Flushed contact lenses add to burden of plastic waste

IMAGE Contact lenses recovered from treated sewage sludge could harm the environment.  view more  Credit Charles Rolsky

IMAGE Contact lenses recovered from treated sewage sludge could harm the environment. view more Credit Charles Rolsky

The inspiration for this work first began from personal experience. "But I started to wonder, has anyone done research on what happens to these plastic lenses after their useful lifespan is over?"

A new report reveals that a shocking amount of contact lens users - almost 20 percent - dispose of those little plastic circles in a terribly irresponsible way, by flushing them down the toilet or the drain of the sink.

They found 15-20% of US users simply flick these fiddly lenses down the drain via the bathroom sink or toilet. Halden, Rolsky and a third member of the team, Varun Kelkar, are at the Biodesign Institute's Center for Environmental Health Engineering at Arizona State University (ASU).

Earlier research on the individual waste from an average person's disposable contact lenses in the United Kingdom looked more broadly at the environmental footprint of contacts and compared it to waste from soda cans, suggesting that the lens-related waste is relatively small, per person-roughly equivalent to the disposal of 15 cans of Coca Cola per year.

The calculation of how many lenses end up in our wastewater plants and habitat hinged on a variety of data sources. This $2.7 billion US market has made contact lenses more comfortable and disposable.

The next part of the research was to figure out what happens to those lenses.

To understand how lenses break down in sewage, Rolsky and his colleagues placed the corrective lenses in wastewater treatment tanks filled with hungry microorganisms. Further, the plastics used in contact lenses are different from other plastic waste, such as polypropylene, which can be found in everything from vehicle batteries to textiles.

They are often made with a combination of poly (methylmethacrylate), silicones and fluoropolymers to create a softer material that allows oxygen to pass through the lens to the eye.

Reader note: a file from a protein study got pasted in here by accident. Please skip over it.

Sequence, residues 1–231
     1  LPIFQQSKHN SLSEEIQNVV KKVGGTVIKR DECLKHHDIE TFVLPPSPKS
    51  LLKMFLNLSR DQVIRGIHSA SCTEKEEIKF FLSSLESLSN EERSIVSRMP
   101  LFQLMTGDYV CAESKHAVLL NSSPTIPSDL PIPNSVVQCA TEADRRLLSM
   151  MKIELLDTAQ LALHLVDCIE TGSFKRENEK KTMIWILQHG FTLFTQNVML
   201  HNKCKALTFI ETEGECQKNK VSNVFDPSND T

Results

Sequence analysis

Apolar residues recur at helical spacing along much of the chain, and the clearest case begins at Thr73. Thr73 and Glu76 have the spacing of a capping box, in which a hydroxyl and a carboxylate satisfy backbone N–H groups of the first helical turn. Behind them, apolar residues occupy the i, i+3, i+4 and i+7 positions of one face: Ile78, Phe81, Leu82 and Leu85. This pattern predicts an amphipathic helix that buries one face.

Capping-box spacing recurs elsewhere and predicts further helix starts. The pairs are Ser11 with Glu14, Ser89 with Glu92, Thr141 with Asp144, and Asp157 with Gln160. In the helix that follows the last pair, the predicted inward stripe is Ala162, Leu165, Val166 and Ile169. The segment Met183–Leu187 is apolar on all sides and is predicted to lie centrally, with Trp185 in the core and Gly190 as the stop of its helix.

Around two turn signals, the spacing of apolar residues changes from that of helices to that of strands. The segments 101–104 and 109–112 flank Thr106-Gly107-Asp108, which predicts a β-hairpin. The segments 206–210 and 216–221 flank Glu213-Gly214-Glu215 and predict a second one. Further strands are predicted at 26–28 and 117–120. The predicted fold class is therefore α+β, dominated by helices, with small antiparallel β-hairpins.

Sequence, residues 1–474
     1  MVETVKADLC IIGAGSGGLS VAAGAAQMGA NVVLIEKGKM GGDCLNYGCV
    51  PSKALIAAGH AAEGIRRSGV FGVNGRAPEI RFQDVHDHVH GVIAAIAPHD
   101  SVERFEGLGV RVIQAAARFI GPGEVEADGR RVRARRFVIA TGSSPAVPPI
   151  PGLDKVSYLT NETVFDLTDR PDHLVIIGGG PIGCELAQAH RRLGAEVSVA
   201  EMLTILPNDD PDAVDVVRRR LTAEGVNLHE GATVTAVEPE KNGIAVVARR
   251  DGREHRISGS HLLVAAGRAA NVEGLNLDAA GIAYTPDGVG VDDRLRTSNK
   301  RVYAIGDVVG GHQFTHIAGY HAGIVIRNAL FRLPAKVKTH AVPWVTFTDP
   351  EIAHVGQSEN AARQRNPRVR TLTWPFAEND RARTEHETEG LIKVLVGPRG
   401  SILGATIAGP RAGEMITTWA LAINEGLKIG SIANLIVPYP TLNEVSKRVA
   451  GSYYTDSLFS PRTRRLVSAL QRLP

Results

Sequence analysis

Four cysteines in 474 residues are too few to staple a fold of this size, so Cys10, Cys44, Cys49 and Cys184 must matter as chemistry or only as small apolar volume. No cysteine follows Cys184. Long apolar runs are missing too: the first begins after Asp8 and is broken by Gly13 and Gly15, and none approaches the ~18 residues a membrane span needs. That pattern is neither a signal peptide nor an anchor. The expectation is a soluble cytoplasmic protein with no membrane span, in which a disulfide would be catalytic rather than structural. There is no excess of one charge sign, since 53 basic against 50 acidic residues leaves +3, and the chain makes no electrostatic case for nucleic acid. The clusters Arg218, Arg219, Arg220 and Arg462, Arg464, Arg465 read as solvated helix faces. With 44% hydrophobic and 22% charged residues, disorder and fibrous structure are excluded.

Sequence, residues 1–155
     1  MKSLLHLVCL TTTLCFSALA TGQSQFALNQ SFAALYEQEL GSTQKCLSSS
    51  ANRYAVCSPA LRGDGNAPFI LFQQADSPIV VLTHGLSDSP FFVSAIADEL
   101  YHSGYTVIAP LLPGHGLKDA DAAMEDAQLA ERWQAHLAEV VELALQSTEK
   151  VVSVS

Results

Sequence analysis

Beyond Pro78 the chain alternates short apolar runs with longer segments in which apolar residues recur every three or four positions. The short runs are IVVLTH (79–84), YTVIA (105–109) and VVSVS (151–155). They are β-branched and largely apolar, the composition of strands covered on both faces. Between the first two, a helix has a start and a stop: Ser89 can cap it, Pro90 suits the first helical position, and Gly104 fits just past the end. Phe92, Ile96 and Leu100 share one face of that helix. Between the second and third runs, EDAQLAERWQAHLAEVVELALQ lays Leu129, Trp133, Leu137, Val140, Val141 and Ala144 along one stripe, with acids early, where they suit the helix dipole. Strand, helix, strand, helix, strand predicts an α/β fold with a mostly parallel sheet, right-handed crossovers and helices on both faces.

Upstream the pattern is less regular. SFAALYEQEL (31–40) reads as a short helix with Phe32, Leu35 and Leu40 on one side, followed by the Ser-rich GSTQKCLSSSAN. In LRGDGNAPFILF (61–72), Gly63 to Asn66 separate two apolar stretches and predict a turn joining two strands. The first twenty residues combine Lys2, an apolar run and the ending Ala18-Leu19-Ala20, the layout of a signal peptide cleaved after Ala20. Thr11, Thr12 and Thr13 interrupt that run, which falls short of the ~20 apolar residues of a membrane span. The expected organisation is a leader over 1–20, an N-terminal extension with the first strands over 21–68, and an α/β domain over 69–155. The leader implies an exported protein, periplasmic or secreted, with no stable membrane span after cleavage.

These differences make processing contact lenses in wastewater plants a challenge.

Every year, about 45 million Americans rely on contact lenses to see the world more clearly. They also learned that the microbes treatment plants count on to reduce the amount of organic matter did not change the molecular makeup of the polymers found in many contact lenses.

"The plastics may have the capacity of soaking up contaminants, and so the plastic shards. they'll likely be loaded with toxic chemicals, like heavy metals, PCBs [polychlorinated biphenyls] and other things", Halden said.

Mr Kelkar said: 'When the plastic loses some of its structural strength, it will break down physically. "This leads to smaller plastic particles which would ultimately lead to the formation of microplastics".

Aquatic organisms are known to mistake microplastics for food, introducing the indigestible plastics into long food chains.

The American Chemical Society research presented Sunday in Boston found 20 percent of 400 contact lens users flush old contact lenses down the toilet or in the sink.

Dr Halden added: 'Ultimately, we hope manufacturers will conduct more research on how the lenses impact aquatic life and how fast the lenses degrade in a marine environment'.